But, thanks to a natural human weakness for puppy videos, the puppy scam has joined these ranks of rip-off royalty.
“If you look at more than one or two [puppy sites], you’re going to run across a fraud site,” Steven Baker of the BBB told BuzzFeed. “It’s that bad.”
Hide your credit cards, hide your dog-loving mother-in-law
The scam works like this: Fake breeders lure people to imposter sites with false credentials. Then, after building attachment with fake videos, they trick buyers into paying upfront for dogs they’ve already fallen in love with.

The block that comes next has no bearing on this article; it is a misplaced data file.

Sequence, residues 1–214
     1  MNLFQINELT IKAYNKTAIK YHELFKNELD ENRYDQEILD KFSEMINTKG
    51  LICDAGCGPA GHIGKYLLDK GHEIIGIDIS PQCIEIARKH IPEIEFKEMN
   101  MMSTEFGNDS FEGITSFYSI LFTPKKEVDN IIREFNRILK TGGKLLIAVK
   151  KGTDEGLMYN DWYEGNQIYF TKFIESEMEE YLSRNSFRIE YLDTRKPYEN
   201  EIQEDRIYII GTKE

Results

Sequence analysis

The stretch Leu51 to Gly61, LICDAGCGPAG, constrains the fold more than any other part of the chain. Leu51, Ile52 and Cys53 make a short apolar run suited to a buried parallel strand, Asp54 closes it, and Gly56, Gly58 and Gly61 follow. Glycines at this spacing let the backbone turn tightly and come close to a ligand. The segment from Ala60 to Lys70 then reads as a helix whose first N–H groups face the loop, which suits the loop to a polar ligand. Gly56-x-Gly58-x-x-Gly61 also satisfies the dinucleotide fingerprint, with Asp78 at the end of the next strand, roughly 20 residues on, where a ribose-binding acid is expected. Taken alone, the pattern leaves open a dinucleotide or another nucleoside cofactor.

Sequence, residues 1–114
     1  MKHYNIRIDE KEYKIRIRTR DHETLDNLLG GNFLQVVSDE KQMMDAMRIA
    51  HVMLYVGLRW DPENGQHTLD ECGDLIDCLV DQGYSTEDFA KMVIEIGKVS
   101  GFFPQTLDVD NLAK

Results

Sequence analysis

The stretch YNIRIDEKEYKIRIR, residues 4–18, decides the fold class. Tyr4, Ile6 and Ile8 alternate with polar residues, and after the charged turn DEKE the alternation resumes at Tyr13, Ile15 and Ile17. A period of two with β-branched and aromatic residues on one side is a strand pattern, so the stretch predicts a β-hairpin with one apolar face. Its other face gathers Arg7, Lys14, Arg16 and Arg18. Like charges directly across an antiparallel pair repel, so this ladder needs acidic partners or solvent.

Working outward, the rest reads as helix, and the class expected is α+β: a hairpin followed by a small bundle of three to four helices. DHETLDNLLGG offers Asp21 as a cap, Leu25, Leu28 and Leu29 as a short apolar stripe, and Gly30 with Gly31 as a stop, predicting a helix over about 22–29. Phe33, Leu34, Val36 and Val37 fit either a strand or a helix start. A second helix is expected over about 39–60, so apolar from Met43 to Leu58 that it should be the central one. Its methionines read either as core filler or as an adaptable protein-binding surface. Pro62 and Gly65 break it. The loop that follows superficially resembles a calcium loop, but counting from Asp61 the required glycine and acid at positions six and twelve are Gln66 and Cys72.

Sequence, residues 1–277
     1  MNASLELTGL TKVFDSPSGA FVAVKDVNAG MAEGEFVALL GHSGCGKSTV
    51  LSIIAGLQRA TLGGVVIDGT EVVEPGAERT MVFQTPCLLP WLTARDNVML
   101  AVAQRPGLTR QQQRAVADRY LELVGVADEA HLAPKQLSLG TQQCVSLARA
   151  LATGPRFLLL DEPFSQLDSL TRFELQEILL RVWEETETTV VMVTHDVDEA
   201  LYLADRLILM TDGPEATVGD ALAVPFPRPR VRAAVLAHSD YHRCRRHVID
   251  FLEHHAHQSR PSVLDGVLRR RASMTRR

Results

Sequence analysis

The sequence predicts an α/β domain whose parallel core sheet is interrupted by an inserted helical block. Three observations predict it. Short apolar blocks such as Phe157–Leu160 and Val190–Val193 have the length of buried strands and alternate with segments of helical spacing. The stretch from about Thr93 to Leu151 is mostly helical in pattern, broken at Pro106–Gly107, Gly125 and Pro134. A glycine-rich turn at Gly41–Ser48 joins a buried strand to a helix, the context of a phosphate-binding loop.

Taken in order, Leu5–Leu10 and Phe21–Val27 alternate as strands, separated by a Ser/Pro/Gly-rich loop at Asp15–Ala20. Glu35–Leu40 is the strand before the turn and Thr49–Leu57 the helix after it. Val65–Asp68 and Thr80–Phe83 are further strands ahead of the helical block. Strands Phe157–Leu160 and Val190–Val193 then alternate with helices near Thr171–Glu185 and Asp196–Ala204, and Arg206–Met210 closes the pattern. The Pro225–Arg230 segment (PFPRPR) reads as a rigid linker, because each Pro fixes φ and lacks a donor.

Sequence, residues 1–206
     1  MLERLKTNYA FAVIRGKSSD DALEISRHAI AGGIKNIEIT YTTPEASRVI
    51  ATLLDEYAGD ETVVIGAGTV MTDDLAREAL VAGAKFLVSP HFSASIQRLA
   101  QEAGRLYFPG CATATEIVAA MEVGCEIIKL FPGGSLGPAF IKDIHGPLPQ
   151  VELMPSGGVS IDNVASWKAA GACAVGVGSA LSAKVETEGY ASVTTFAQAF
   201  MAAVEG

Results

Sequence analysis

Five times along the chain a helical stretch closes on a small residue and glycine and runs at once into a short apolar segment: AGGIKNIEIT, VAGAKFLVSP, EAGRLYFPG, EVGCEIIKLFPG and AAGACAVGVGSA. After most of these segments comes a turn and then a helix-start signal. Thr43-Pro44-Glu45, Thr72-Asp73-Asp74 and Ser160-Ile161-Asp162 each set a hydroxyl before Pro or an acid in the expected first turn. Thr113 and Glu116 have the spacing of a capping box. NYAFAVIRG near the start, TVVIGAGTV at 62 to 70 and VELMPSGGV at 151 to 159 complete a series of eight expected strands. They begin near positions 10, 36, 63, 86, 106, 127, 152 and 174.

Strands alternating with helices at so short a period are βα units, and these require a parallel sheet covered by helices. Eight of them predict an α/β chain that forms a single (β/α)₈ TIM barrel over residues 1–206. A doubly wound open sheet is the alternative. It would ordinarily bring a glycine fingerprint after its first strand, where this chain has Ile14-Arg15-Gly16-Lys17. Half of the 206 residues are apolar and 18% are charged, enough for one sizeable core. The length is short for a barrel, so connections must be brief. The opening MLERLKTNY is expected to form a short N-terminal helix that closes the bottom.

Victims often end up paying between $100 and $1K before they realized they’ve been tricked.
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